BC’s Aprar Hassan: Karate Champ And Barrier Breaker

Aprar Hassan./ Eman Mohammed of NPR
Aprar Hassan./ Eman Mohammed of NPR

By Serin Sarsour


   From breaking barriers to breaking boards, Brooklyn College sophomore Aprar Hassan is the first hijabi to compete on the USA National Karate Team and is a four-time National Karate Champion.

   Hassan’s passion for karate originated at the mere age of three to four years old. “Professionally, I took on karate when I was about 15 years old, even though I had my first national title at the age of five,” Hassan said. She was always active in several other sports, including football, basketball, and swimming. 

   “My brothers played karate before I did, so my mom encouraged me to train with them, and my dad inspired and motivated me to keep training especially since he was my coach,” Hassan said, explaining what ultimately pushed her to pursue karate.

   Hassan has won four national titles: one silver in 2007, a bronze in 2017, and two gold medals in 2018 and 2019. However, the pandemic has shaken things up for the 19-year-old karate champion.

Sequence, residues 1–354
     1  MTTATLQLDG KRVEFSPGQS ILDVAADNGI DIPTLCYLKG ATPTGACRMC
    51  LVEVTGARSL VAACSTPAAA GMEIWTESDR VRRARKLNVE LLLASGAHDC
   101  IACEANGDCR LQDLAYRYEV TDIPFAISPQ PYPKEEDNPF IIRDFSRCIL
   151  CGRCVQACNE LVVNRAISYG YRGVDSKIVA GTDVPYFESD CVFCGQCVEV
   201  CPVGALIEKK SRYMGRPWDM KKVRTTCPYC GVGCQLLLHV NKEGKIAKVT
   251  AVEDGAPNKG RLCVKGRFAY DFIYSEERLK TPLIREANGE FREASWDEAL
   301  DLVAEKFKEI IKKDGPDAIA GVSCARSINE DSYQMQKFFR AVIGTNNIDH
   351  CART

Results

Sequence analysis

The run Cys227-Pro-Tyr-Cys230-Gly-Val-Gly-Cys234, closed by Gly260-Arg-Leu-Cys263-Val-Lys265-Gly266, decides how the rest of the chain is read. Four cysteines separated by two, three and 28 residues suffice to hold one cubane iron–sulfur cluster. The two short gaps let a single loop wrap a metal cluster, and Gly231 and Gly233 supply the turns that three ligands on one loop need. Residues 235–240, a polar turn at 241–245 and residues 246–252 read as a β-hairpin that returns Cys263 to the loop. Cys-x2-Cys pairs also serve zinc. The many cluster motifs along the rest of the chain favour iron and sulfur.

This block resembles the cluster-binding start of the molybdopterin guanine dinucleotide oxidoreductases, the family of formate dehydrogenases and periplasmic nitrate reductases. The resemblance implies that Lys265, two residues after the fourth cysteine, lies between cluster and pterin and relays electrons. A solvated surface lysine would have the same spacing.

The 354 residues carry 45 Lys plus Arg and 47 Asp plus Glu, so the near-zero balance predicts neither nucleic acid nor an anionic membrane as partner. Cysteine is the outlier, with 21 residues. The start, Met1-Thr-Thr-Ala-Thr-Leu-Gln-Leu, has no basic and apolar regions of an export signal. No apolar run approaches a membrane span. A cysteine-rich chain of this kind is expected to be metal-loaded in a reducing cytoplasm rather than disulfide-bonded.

Aprar Hassan./ Eman Mohammed of NPR


   “Since the pandemic began, training has been hard for me with everything closed, including the gyms. I haven’t been practicing karate as much as I used to, but I am definitely trying my best to get back into that schedule especially with work and school happening now too,” Hassan explained. 

   Although Hassan has been very successful in karate, she has faced obstacles along the way. She explains the discrimination that comes with publicly displaying her religion at all times. “I’ve been nearly disqualified at a world championship because of my hijab,” Hassan said. “Who knew an extra piece of clothing could change the way people think about you?”

   Nonetheless, Hassan is proud to represent her Islamic roots and confront the discrimination and stereotypes against Muslims. “I’ve always felt like my greatest accomplishment wasn’t anything that I’ve received physically,” she said. “To me, it’s about being a role model and inspiration to athletes and young girls all around the world regardless of their sex, religion, etcetera.” 

  Aside from breaking barriers–and boards–, Hassan is also a dedicated student at BC who aspires to be a sports doctor. “I enjoy my time here… It’s a very diverse school and I feel like that’s what makes me the most comfortable because I fit in even when I stand out,” Hassan said.

   Hassan, however, still plans to pursue karate in the future. “It’s always been my dream to compete in the Olympics and I was very close before the pandemic to being on that path,” she said. “Hopefully I can get back into it and claim new titles, medals, and trophies! And hopefully, inspire more people while I’m at it!”